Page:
Despite robust results and blinded study design, a possible alternative explanation for the adjusted association between neonatal seizures and adverse outcome is residual confounding from unmeasured brain injury. In our adjusted analysis, we used validated scales to assess for the degree of both basal nuclei and watershed injury visible on T1 and T2-weighted MR images. Unmeasured injury -- for example to the hippocampus, which is difficult to image, yet important in both epileptogenesis and cognitive outcome – could account for both the seizures and the poor neurodevelopmental outcome. However, MRI is currently the best known method for measuring the severity of brain injury following perinatal hypoxia-ischemia, and the basal nuclei and watershed scales are highly correlated with cognitive and neuromotor outcomes in this cohort. Furthermore, the effect of seizures was unchanged in the sensitivity analyses, and the outcome was similar in each pattern of brain injury. Finally, it is impossible to differentiate the effect of the seizures themselves from the effects of standard medical management using anti-seizure medications such as phenbarbital and phenytoin, which have neurotoxic effects in experimental animal models(8).
This study includes a large cohort, high quality neuroimaging and long-term outcomes to address the question of the impact of seizures on neurodevelopment in infants with hypoxic-ischemic brain injury. The data are limited by our ability to precisely measure the severity of seizures, particularly electrical seizures without clinical accompaniment, and to confirm that clinical seizures represent true electrographic seizures. We found that 11 of the 25 infants with clinical seizures had a normal EEG, which may be due to a number of reasons. First, some newborns may have had clinical seizure types with inconsistent association to EEG findings (such as motor automatisms or myoclonic seizures). Second, medication given prior to the EEG may have resulted in seizure resolution. Finally, infants had routine screening EEGs rather than long term monitoring, making it likely that some seizures went undetected (at the time of this study, our center had no standard protocol for timing and duration of continuous EEG monitoring of infants at risk for seizures). The seizure score reflects the number and refractoriness of seizures, as well as the degree of electroencephalographic abnormality. Past studies have shown that infants with seizures that respond to phenobarbital typically have a lower seizure burden and relatively normal EEG background(31), making our categorization into three levels (none, mild/moderate or severe) clinically relevant. Our seizure measurements reflect standard of care at our center at the time this cohort was enrolled and contemporary standard of care in most centers.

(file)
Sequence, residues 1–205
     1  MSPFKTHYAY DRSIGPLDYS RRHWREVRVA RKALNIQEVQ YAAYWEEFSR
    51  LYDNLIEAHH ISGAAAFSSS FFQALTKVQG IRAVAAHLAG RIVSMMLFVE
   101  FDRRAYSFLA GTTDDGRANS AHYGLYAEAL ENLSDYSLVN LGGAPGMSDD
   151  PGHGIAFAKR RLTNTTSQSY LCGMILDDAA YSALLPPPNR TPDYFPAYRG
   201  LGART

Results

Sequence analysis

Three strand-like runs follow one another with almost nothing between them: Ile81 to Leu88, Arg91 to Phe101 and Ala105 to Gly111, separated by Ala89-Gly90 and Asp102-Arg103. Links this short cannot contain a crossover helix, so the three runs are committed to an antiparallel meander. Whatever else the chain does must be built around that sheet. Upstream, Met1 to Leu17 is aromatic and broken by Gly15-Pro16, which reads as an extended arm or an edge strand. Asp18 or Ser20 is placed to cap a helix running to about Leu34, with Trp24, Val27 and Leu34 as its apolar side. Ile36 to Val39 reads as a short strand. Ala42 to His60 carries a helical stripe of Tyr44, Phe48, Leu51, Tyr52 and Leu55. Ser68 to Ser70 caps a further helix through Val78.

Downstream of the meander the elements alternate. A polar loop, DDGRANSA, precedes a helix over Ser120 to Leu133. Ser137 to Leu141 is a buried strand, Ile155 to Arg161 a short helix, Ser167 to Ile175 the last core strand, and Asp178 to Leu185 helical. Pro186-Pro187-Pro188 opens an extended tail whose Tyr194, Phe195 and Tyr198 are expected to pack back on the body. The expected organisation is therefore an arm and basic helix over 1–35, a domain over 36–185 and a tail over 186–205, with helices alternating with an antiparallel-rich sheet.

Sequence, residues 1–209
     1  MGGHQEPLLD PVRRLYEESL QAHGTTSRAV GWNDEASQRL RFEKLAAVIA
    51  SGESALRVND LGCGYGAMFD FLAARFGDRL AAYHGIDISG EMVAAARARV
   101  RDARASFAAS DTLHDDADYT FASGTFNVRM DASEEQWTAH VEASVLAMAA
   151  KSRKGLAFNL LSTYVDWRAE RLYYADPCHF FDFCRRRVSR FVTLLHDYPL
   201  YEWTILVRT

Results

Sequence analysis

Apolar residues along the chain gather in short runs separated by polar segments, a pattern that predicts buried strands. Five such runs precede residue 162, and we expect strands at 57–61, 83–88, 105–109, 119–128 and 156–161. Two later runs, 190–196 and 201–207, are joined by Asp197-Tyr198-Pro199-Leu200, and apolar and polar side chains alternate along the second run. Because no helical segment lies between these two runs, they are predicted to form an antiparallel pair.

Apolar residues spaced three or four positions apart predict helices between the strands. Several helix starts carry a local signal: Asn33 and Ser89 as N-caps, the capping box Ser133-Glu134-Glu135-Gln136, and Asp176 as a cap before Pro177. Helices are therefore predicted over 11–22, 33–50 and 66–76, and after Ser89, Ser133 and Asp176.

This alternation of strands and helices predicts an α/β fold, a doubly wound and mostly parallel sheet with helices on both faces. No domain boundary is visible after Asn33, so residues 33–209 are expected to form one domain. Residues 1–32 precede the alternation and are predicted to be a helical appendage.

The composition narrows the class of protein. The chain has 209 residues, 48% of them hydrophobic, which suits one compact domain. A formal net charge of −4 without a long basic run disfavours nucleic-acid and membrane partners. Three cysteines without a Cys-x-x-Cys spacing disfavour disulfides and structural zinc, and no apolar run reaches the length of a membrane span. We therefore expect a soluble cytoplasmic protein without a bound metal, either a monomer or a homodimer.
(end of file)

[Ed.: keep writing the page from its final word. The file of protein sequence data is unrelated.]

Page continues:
Using MRI as a sensitive measure of the degree of hypoxic-ischemic brain injury, we can now start to differentiate between the overlapping adverse effects of the hypoxic-ischemic brain injury and early seizures in human infants. We showed that infants with clinical neonatal seizures in the setting of neonatal encephalopathy had worse long-term neurodevelopmental outcome that was independent of the degree of hypoxic-ischemic brain injury. This is consistent with our previous observation that impaired brain metabolism in the setting of seizures (high lactate and lower N-acetylaspartate levels) is independent of the degree of injury measured on MRI(12).
Understanding how seizures impact the developing brain has enormous therapeutic implications. Newborns in this cohort were treated for “clinical” seizures, reflecting contemporary practice at the time of enrollment. There is no good evidence, and thus no widely accepted clinical consensus regarding appropriate therapy for seizures in newborns, especially in the case of electrographic seizures without clinical correlate and seizures identified by amplitude-integrated EEG. With the rapid uptake of prolonged cortical monitoring methods, further studies will be imperative to determine the relative impact of seizures that are electrographic only, as well as whether treating seizures more aggressively has a long-term beneficial neurodevelopmental effect.
Our data suggest that clinical neonatal seizures and their treatment are associated with adverse long-term cognitive and neuromotor outcome in children at risk for perinatal asphyxia that is independent of sensitive MRI measures of hypoxic-ischemic injury. Having accounted for the severity of hypoxic-ischemic injury, the worsening neurodevelopmental outcome with increasing seizure severity in our cohort is keeping with the hypothesis that the seizures themselves may impair the developing human brain. While our findings are consistent with experimental evidence, further work is necessary -- both in animal models and in humans -- to determine the mechanisms by which seizures could impair the developing brain and to determine if differences in seizure treatment can improve neurodevelopmental outcome.
The authors would like to thank Drs. Vann Chau, William Weiss and Yvonne Wu for their careful review of the manuscript.
Project Support: This publication was made possible by Grant Number UL RR024131-01 from the National Center for Research Resources (NCRR), a component of the National Institutes of Health (NIH) and NIH Roadmap for Medical Research. Its contents are solely the responsible of the authors and do not necessarily represent the official view of the NCRR or the NIH. Information on NCRR is available at http://www.ncrr.nih.gov Information on Re-engineering the Clinical Research Enterprise can be obtained from http://nihroadmap.nih.gov/clinicalresearch/overview-translational.asp. This research is also supported by the National Institutes of Health (NS40117). SPM is a Canadian Institutes of Health Research Clinician Scientist and Michael Smith Foundation for Health Research Scholar. HCG is supported by the NINDS Neurological Sciences Academic Development Award (NS01692).
Disclosure: The authors report no conflicts of interest.